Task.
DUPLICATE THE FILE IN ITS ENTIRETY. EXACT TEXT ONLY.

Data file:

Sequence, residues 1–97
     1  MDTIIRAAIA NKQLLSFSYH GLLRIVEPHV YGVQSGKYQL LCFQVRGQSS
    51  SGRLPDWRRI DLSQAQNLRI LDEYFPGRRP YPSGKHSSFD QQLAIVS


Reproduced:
Sequence, residues 1–97
     1  MDTIIRAAIA NKQLLSFSYH GLLRIVEPHV YGVQSGKYQL LCFQVRGQSS
    51  SGRLPDWRRI DLSQAQNLRI LDEYFPGRRP YPSGKHSSFD QQLAIVS